Four easy ways to get rid of dandelions on your lawn without killing your grass

Picture of dandelions on a lawn
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With the arrival of spring, the battle against weeds like dandelions begins as they can rapidly take over and deplete your lawn's nutrients. Fortunately, there are straightforward strategies for eliminating them.

Experts strongly advise against using harsh chemicals in your garden to safeguard local wildlife, and caution that home remedies such as a white vinegar solution will also kill your grass.

However, Alec McClennan, an organic lawncare expert from Good Nature, has revealed several gardening techniques that can effectively remove dandelions from your lawn while ensuring it remains healthy, green, and vibrant.

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Opt for the correct fertiliser, reports the Express.

Dandelion weeds are particularly troublesome at this time of year since the warmer weather provides perfect conditions for all plants to flourish and propagate.

To stop seeds from germinating, apply corn gluten meal to your lawn, which forms a barrier that prevents new weeds from taking root and simultaneously nourishes your grass.

Alec explained: "Use an organic fertiliser that feeds the soil and may help minimise new weed germination, like corn gluten meal. [It] is an excellent slow-release natural fertiliser that contains about nine percent nitrogen as a protein."

"In addition, corn gluten meal has been shown to suppress new seed germination to some degree. That means that it will help minimise new seeds from turning into plants. ".

Raise the mower blade for a healthier lawn.

By mowing your lawn at a higher height, you can prevent dandelions from sprouting as taller grass can block sunlight and inhibit weed seed germination.

This method also "keeps your lawn greener," says Alec, as it encourages the grass to develop deeper root systems, which in turn strengthens the turf and improves overall lawn health.

A thicker, healthier lawn is more competitive against weeds, making it more likely that dandelions will naturally die off.

Alec further explained: "Mowing high can help crowd out existing weeds provided that you have grass types that will stand up and fight."

"If your grass lays over and won't stand up, mowing high won't help as much. You still don't want to scalp the lawn, but having the right grass types makes mowing high much easier."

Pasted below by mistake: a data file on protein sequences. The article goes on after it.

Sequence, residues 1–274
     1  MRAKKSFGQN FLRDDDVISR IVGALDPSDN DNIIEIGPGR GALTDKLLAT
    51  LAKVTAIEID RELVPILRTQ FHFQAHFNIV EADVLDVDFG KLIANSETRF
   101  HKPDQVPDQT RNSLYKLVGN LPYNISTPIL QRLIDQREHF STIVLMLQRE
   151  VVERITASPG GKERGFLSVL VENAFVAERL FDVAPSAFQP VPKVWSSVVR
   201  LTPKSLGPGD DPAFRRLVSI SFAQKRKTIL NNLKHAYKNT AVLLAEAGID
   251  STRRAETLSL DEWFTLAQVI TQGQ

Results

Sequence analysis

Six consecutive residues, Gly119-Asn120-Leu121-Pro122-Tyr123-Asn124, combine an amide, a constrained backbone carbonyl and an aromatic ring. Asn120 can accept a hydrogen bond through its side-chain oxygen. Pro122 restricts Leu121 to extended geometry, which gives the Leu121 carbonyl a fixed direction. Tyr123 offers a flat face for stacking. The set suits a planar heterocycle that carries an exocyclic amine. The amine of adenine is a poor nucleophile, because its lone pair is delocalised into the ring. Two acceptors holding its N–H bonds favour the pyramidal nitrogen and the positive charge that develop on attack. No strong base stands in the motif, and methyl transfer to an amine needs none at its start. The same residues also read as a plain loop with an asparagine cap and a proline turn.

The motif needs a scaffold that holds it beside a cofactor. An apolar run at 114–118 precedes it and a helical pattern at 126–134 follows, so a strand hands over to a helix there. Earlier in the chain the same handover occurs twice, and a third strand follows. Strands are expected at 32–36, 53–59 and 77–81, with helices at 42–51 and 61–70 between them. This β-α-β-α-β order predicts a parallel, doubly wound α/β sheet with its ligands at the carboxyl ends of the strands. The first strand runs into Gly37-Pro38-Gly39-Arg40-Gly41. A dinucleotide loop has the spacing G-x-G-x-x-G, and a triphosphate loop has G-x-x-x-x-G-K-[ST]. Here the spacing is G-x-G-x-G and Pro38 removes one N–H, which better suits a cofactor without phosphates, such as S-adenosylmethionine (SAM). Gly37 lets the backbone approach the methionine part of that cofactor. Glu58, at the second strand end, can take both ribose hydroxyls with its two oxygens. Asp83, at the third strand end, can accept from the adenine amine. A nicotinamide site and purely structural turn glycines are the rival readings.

Opt for an organic weed killer.

While chemical weed killers should be avoided, there are natural alternatives available that can effectively eliminate not just weeds, but also moss, algae, ground ivy, and lichens on lawns.

Alec remarked: "Captain Jack's Lawnweed Brew is made from naturally occurring Iron (FeHEDTA) and is people and pet-safe. It will weaken and kill many broadleaf weeds like dandelions, without killing the grass. Because it is naturally occurring it is ok to seed the same day you apply it."

The key component in Captain Jack's Lawnweed Brew comes from iron, a crucial element for maintaining healthy grass but also effective in suppressing weeds by disrupting their ability to produce energy, leading to their eventual demise.

Emphasise mulching.

Mulching, the process where gardeners spread organic material over soil to nourish plants, also plays a pivotal role in weed control.

Laying down leaves, bark, straw, or other forms of mulch on your lawn creates a barrier that blocks water and sunlight, essential for the germination of any lurking weed seeds.

Mulch application is ideal in spring or autumn due to the milder climate, with autumn being particularly opportune as fallen leaves are abundant and can be used for mulching.

Alec advised: "You may have to wait a bit on this, but studies at Michigan State have shown a significant reduction in dandelions on grass that had leaves mulched into it during the [autumn]."

"So this year, instead of raking your leaves to the curb, run over them with your lawn mower until they're all chopped up and leave them on your lawn."